• 1. Cultural Connections: exchanging knowledge and widening participation in the Humanities
  • 2. How to do Digital Humanities: Discovery, Analysis and Collaboration
  • 3. A Humanities Web of Data: publishing, linking and querying on the semantic web
  • 4. An Introduction to XML and the Text Encoding Initiative
  • 5. An Introduction to XSLT for Digital Humanists

This page lists all the information we have about each of our 5-day workshops. DHOxSS delegates are expected to follow one of these workshops and you may not swap between them. All information and timetables is tentative and may be subject to change.

1. Cultural Connections: exchanging knowledge and widening participation in the Humanities

Abstract: Learning how to communicate your research to different audiences is an increasing part of academic life. Cultural Connections offers an introduction to public engagement skills that will help you work effectively within and beyond universities.

Through a combination of presentations, panel discussions, workshops and participative activities, you will learn techniques and methods for exchanging knowledge to enrich the wider cultural and economic community, and enable future research.

Presenters are experts drawn from fields across the Humanities and beyond, teaching practical skills and reflecting on their own experiences of engaging different audiences in their work. While the digital plays a large part in this workshop, it is not an exclusive focus.

The workshop considers:

  • Digital publishing: commercial; open access
  • Knowledge Exchange: what, why, how?
  • Narrative development for communicating research
  • Public engagement: social media; schools; museums; interest groups beyond academia
  • Measuring impact, qualitatively and quantitatively
  • Humanities research and the economy

We ask you to bring an idea of research you would like to share with a wider audience that you can develop over the week. This can be a work in progress whose horizons you would like to broaden, the seed of an idea for a future research project, or anything in between.

To foster a collaborative approach throughout the workshop, we encourage participants to work in small groups. Working closely together provides continuity where you can benefit from shared development of ideas and problem-solving. In turn this can feed back into your own work. We hope this collegiality will last beyond the workshop, as you return to your home institutions with an enlarged network of practitioners in related fields. Note: These practical exercises will not be done on computers.

Doctoral students and early career academics at the University of Oxford may be interested in the John Fell Fund bursaries offered for the Digital.Humanities@Oxford Summer School, four or which are reserved for participants in this workshop strand.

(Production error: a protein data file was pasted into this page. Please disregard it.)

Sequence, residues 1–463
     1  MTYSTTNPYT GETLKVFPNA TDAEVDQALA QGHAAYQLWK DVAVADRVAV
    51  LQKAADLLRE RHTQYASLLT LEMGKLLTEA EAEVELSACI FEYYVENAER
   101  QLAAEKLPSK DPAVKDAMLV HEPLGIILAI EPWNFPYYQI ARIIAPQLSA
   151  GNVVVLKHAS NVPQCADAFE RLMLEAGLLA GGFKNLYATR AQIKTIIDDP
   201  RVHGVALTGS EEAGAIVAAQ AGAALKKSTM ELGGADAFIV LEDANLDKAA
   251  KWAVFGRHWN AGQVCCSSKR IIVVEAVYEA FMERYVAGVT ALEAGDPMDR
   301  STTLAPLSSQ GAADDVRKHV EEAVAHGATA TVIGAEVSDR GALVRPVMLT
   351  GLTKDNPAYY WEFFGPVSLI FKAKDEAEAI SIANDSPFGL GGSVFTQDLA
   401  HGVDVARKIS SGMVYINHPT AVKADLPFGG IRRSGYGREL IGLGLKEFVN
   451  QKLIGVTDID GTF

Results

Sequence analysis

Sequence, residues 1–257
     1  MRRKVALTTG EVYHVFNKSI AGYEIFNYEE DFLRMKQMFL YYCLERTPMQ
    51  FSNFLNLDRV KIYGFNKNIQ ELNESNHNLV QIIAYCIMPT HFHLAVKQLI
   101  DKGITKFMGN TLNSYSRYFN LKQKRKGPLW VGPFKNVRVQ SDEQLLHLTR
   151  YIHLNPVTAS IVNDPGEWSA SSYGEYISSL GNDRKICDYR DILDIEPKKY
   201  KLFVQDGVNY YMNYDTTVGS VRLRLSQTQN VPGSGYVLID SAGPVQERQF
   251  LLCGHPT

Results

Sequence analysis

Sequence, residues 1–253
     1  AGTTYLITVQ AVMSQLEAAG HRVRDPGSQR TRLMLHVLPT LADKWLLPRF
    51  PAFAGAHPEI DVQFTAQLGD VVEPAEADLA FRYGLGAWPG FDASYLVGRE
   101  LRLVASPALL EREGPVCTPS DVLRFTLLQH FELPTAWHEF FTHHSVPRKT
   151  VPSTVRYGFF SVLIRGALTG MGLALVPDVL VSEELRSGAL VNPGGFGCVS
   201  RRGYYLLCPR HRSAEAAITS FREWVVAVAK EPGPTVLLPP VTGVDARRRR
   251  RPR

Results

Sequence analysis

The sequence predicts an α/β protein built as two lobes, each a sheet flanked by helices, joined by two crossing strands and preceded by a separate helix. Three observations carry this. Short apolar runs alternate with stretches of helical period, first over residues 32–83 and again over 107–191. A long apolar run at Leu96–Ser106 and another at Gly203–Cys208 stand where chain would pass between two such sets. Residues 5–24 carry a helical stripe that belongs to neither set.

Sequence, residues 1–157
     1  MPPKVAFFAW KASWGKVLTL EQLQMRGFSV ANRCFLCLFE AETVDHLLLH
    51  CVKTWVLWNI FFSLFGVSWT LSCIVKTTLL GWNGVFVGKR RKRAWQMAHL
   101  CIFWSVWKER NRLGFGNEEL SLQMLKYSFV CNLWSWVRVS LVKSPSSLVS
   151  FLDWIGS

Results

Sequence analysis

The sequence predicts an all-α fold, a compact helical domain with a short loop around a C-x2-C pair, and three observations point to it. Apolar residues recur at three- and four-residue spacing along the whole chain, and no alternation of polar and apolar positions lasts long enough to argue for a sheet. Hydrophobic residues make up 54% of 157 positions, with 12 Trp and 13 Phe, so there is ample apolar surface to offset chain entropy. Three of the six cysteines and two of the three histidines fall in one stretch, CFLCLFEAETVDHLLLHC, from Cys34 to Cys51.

Keywords: Knowledge Exchange, Impact, Public Engagement, Communication skills

Level: Introductory

Organiser: Pip Willcox (Bodleian Libraries)

Speakers: A vast array.

Workshop Timetable
Times Monday 8 July 2013

Introduction and Impact

Tuesday 9 July 2013

Developing Narratives

Wednesday 10 July 2013

Developing Forums

Thursday 11 July 2013

Curating Cultural Capital

Friday 12 July 2013

Knowledge Exchange in Practice

Morning: 11:00-12:30

(Wolfson College LT Room #1)

11:00 - 11:40 "Outside the Ivory Tower: Research, Creativity and Serendipity", Abigail Williams;

Group Introductions: 11:45 - 12:30

"Writing for new audiences", Max Kinnings "Exclusively for everyone: two school outreach projects in Classics", Bob Lister "11:00 - 11:40 "In conversation with Jonathan Bate"; 11:45 - 12:30 "Lightning Seeds", Giles Bergel, Mark Doffman, Gurinder Punn, Mia Ridge "Developing your online presence", Stephen Eyre, Howard Noble, Kate Lindsay
Afternoon: usually 14:00-16:00

(Radcliffe Humanities Building)

"Impact as a Process: understanding and enhancing the reach of digital resources", Eric Meyer and Kathryn Eccles 14:00 - 15:00 "Surgery: experts advise participants", Caroline Bucklow, Kate Lindsay, Fiona Macintosh, Laura Peers, Sam Sneddon;

15:30 - 17:30 "Creating win:wins in your communication style", Michael Hobbs

14:00 - 15:00 "Crowdsourcing Research with the Public", Robert Simpson;

15:15 - 17:30 "Crossing cultures, crossing time (at the Ashmolean)", Mallica Kumbera Landrus

14:00 - 15:30, "To Shakespeare and beyond: a case study", Cassandra Ash, Peter Kirwan, José Pérez Díez, Emma Smith;

16:00 - 17:30 "Digital publishing: apps, podcasting, online academic publishing", Alex Pryce, Mark Rogerson, Marianne Talbot

14:00-15:00, "Copyright and Reuse: Publishing and Using Open Content", Rowan Wilson;

15:30 - 17:30 "Participants' project presentations: adjudicated by expert panel", Kirsty Pope (chair), Rana Mitter, Glenn Roe, Abigail Williams

Late Afternoon: usually 16:30-17:30

(Radcliffe Humanities Building)

"After the Impact: responding to TIDSR impact reports", Judith Siefring and Jonathan Blaney "Creating win:wins in your communication style" continued "Crossing cultures, crossing time (at the Ashmolean)" continued "Digital publishing: apps, podcasting, online academic publishing" continued "Participants' project presentations: adjudicated by expert panel" continued

2. How to do Digital Humanities: Discovery, Analysis and Collaboration

Abstract: This workshop will introduce key research areas in the digital humanities, including text encoding, text mining, image analysis, and use of geo-spatial data. The lecture sessions will emphasize the research potential of each area, discuss the theoretical implications of modelling data through these methods, and provide guidance about how these techniques can be used in humanities research. The workshops will focus on actively addressing research questions, providing datasets and guidance on how to begin to conduct research with these tools. The course is conceived as a wide-ranging introduction to some of the most exciting areas in digital humanities research, and will enable its participants to quickly become familiar with the possibilities and processes of conducting research in these areas.